Picky Eating: Is It Nature or Nurture?
WHY YOU SHOULD CARE
It might be in the genes. So it’s still kinda your fault.
By Renee Morad
Laurel Elis’ 2-year-old son has a short list of foods he’ll eat: buttered noodles, pickles and bananas — but only if the bananas are peeled just so. “Vegetables are a nonstarter, unless I’ve hidden them in chicken noodle soup,” says Elis, a Chicago-based writer. As a former childhood picky eater, Elis took calculated steps in the hope that history wouldn’t repeat itself, from expanding her own palate during pregnancy to implementing family mealtimes and encouraging her son to eat whatever dish was served. Despite her best efforts, her son developed “strong inclinations for specific foods.”
But there could be a hidden force behind the challenging mealtimes for the Elis family. According to a new study, it’s not all about nurture: Genetics could play a role in picky eating.
Researchers at the University of Illinois evaluated the DNA in saliva samples from 153 preschoolers and performed genotyping to help identify whether picky eating is a result of genetics or external influences such as parenting style. In the resulting study published in the Journal of Nutrigenetics and Nutrigenomics, they found that:
Two genes responsible for sensitivity to bitter taste could play a role in picky eating.
Time for a genetics lesson. The TAS2R38 and CA6 genes are related to a sensitivity to bitterness; the CA6 gene is also associated with struggles for control during mealtime. Children interested in a very limited diet? They showed the variation of both genes.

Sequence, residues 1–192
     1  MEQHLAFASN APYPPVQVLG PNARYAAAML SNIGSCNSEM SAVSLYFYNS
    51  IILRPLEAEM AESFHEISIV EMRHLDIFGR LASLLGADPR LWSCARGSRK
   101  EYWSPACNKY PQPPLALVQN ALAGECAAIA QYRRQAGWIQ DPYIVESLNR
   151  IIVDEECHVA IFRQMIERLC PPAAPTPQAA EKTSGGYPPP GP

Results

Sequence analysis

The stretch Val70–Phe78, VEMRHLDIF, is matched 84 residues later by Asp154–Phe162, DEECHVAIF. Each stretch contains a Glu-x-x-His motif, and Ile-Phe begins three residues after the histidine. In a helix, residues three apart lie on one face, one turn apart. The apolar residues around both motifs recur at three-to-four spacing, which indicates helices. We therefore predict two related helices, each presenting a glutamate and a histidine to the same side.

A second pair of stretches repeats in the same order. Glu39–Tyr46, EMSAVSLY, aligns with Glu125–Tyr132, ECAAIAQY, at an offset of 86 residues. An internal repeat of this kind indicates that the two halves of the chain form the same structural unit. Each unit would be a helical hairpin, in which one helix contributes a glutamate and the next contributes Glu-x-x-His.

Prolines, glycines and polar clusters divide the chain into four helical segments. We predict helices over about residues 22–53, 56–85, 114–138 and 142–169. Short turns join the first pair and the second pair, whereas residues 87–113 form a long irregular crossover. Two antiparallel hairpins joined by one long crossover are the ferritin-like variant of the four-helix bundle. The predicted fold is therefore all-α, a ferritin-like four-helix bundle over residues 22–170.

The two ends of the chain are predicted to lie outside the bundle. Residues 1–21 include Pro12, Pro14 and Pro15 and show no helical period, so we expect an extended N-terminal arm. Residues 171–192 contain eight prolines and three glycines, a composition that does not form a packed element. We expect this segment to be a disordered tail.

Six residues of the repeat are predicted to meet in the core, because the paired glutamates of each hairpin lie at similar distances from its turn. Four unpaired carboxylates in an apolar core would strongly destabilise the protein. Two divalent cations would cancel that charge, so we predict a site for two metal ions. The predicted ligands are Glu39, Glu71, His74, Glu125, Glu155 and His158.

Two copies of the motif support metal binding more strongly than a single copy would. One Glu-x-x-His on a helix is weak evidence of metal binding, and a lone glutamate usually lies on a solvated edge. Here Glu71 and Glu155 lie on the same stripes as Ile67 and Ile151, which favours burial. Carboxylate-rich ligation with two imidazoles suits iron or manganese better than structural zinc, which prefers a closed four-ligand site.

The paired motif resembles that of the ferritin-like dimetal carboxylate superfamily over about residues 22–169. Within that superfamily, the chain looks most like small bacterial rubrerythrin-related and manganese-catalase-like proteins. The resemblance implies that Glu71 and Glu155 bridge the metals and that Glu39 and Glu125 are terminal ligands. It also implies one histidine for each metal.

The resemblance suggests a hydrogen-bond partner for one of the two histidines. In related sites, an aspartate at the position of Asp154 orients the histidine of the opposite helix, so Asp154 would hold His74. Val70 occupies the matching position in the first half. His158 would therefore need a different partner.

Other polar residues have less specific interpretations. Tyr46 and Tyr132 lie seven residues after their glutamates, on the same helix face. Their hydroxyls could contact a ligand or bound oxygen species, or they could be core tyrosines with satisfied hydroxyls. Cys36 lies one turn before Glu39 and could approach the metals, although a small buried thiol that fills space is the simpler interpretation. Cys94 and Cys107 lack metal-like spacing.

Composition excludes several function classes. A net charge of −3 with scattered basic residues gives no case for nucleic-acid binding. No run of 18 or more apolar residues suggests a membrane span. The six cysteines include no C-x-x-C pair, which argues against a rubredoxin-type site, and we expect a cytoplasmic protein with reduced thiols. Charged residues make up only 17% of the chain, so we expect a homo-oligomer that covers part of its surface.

The findings may represent the first direct relationship between these types of genetic variations and picky eating. “You can’t blame genetics for everything,” says Soo-Yeun Lee, professor of food science and human nutrition at the University of Illinois and an author of the study, but the information can “help to understand your children better and give them more flexibility.” For example, if your child is highly sensitive to bitterness, it simply could be quite difficult for him or her to swallow. In future studies, Lee would like to see a larger sample of children analyzed as well as the investigation of other genetic variations that could influence picky eating.
It’s best to tackle the situation early on, and keep dishing out those parsnips.
What can parents do? Be persistent about serving those brussels sprouts — it may take as many as eight to 10 exposures of a new food, Lee says. Some kids have an innate avoidance to novelty, and parents tend to give up after two to three tries, she adds. However, avoid the common approach: If you eat your broccoli, you can have dessert. “Having to go through the punishment” of eating something healthy in order to get the reward “is not a long-term positive strategy,” Lee says.
The good news? Picky eating is something that can be easily “unlearned,” says Rachel Goldman, a New York City–based psychologist and a clinical assistant professor at NYU School of Medicine. But it’s best to tackle the situation early on, and keep dishing out those parsnips. “If we think about ‘neophobia,’ the fear of new foods, the longer individuals avoid those new foods, the more anxiety-provoking it will become,” Goldman explains. Exposure is a great tool for any kind of anxiety-provoking situation — but in small increments. And something to keep in mind is to not pressure too much. “Be patient and persistent,” Goldman says.
Still, picky eating can also just be your toddler’s way of asserting independence. Offering a few healthy food choices while the phase is playing out can be helpful. Acting as a positive role model at the dinner table — and eating your own peas — also sets a good example.
Beyond all else, the study may give hope to parents of picky eaters. Rather than give up, they should keep at it — and be more understanding throughout the struggle.
- Renee Morad, OZY Author Contact Renee Morad